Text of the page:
In 1980, while promoting his film The Shining, Stanley Kubrick gave a rare interpretation of one of his movie endings — in this case the 1921 photo at the end of the film that suggested that Jack Torrance (played by Jack Nicholson) had been part of the Overlook Hotel for decades. “The ballroom photograph at the very end,” Kubrick said, “suggests the reincarnation of Jack.”

This year, Kubrick is experiencing a reincarnation of his own. The enigmatic director is resurfacing on big screens and small:

In November, the film Doctor Sleep, an adaptation of Stephen King’s sequel-novel to The Shining, hits theaters — along with some of Kubrick’s most iconic images from his controversial interpretation of King’s first book.

Kubrick enjoyed a resurgence on the internet this summer, as the Apollo 11 mission celebrated its 50th anniversary and conspiracy theorists resurfaced en masse to suggest that Kubrick staged a fake moon landing and admitted as much in subtle clues from The Shining.

The film Ready Play One — which Indiewire called “Steven Spielberg’s Epic Tribute to Stanley Kubrick” — enjoyed a healthy run on video shelves. The film, which featured detailed Shining scene reenactments, spent two weeks at No. 1 for video sales and collected more than $31 million.

Kubrick, Walt Disney and Stan Lee were inducted this year into Hollywood’s Visual Effects Society Hall of Fame for their “profound impact on the field of visual effects.”

Of all the reincarnations, Doctor Sleep has to be the most intriguing. While the studio and author have said that Sleep is a faithful adaption of King’s book, the movie clearly borrows from Kubrick’s masterpiece (which King famously hated, and later produced a TV miniseries in response). Speaking to reporters earlier this summer, director Mike Flanagan explained the tightrope act of blending two classics, along with his nerves about bringing up the film to King.

“When it came to trying to crack the adaptation, I went back to the book first,” said Flanagan, who previously directed the well-received King adaptation Gerald’s Game. “The big conversation that we had to have was about whether or not we could still do a faithful adaptation of the novel as King had laid it out while inhabiting the universe that Kubrick had created. And that was a conversation that we had to have with Stephen King, to kick the whole thing off, and if that conversation hadn’t gone the way it went, we wouldn’t have done the film.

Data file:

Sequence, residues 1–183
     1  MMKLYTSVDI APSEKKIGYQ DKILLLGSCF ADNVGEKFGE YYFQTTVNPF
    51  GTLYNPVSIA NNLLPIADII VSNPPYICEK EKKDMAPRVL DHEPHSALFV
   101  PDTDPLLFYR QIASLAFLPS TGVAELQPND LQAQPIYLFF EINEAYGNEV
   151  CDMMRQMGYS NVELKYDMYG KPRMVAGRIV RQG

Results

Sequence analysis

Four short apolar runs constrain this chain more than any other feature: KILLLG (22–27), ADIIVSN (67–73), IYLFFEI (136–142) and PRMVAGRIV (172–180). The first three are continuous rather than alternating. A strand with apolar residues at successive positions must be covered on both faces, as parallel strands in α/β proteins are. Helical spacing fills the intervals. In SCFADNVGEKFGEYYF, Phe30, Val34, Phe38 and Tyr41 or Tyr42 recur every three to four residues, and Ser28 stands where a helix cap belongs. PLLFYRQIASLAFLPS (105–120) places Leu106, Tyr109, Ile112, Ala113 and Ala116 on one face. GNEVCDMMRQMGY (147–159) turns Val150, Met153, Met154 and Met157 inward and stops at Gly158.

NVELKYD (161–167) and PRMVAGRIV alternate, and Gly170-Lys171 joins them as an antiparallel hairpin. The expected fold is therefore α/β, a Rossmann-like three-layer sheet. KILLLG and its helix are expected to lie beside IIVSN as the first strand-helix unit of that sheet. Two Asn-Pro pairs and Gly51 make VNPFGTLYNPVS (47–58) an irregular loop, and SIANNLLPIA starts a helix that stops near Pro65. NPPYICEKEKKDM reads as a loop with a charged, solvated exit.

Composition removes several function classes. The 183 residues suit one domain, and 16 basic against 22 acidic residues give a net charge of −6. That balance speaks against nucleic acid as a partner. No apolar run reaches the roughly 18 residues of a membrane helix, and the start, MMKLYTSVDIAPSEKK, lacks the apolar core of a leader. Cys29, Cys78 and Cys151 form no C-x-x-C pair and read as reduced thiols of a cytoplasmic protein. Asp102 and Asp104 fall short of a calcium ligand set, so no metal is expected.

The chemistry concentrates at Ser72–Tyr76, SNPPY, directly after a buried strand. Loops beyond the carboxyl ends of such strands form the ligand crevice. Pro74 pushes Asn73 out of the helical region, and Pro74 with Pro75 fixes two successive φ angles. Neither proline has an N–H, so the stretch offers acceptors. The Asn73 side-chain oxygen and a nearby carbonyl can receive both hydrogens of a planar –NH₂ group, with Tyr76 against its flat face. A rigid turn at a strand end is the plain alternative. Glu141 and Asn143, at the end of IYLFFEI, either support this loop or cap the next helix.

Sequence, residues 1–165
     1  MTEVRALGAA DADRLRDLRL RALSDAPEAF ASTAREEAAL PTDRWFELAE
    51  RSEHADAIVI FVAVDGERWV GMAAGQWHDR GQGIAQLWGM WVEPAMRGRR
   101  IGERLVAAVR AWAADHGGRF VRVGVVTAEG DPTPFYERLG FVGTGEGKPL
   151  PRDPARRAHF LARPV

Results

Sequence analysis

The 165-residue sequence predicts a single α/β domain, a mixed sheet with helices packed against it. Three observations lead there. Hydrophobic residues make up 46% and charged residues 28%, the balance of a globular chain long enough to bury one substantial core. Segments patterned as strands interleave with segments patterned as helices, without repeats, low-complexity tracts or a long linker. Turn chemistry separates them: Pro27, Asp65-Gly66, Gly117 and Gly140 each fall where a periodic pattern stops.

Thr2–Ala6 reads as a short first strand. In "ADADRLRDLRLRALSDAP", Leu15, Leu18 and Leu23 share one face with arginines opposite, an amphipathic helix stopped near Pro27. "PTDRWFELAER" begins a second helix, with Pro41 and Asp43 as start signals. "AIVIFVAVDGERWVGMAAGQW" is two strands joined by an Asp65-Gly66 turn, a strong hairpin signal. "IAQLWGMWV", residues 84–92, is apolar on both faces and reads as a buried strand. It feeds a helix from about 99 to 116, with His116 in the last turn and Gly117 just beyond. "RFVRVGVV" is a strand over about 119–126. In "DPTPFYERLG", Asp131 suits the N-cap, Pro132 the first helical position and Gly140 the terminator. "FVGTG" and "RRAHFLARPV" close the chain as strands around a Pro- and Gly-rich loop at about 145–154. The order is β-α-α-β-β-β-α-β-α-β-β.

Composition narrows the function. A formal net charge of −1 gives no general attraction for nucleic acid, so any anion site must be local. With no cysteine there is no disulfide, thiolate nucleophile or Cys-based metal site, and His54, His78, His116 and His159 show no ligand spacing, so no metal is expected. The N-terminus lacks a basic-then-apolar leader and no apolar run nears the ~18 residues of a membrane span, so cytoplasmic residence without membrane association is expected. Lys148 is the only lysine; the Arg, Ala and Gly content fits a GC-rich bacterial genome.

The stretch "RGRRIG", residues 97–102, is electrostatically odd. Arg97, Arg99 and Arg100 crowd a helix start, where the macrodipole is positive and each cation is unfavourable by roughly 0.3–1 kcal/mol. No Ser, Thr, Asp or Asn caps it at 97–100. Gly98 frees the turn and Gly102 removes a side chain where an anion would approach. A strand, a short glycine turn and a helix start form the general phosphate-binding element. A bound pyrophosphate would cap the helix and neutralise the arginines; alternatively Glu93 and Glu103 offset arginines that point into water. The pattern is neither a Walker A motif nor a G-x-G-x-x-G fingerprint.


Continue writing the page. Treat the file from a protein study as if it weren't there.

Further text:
“Stephen King’s opinions about the Kubrick adaptation are famous, and complicated, and complicated to the point where, if you’ve read (Doctor Sleep), you know that he actively and intentionally ignored everything that Kubrick had changed about his novel, and kind of defiantly said, ‘Nope, this completely exists outside the Kubrick universe.’” Flanagan said.

“We really needed to try to bring those worlds back together again. We had to go to King and explain how… and in particular how to get into the vision of the Overlook that Kubrick had created. And our pitches to Stephen went over surprisingly well, and we came out of the conversation with not only his blessing to do what we ended up doing but his encouragement.”

But it came with an emotional cost, the director explained. “This project has had for me the two most nerve-wracking moments of my entire career,” Flanagan said. “The first was sending the first draft of the script to Stephen King, and that was utterly terrifying, but he thankfully really loved it. And the second was at the end, very recently, of this post-production process, when the film was sent to Stephen to watch and also to the Kubrick estate. Both went very well, and that was always the hope going in, was that if there was some universe in which Stephen King and the Stanley estate could both love this movie, that is the dream. Threading that needle has been the source of every ulcer we’ve had for the last two years.

Set 40 years after the events of The Shining, Doctor Sleep stars Ewan McGregor as the grown-up Danny Torrance who encounters a teenager named Abra (Kyliegh Curran) with her own powerful extrasensory gift, known as the “shine.” Rebecca Ferguson plays Rose the Hat, the leader of a group called The True Knot, who feed off the shine of innocents in their quest for immortality. The film opens Nov. 8.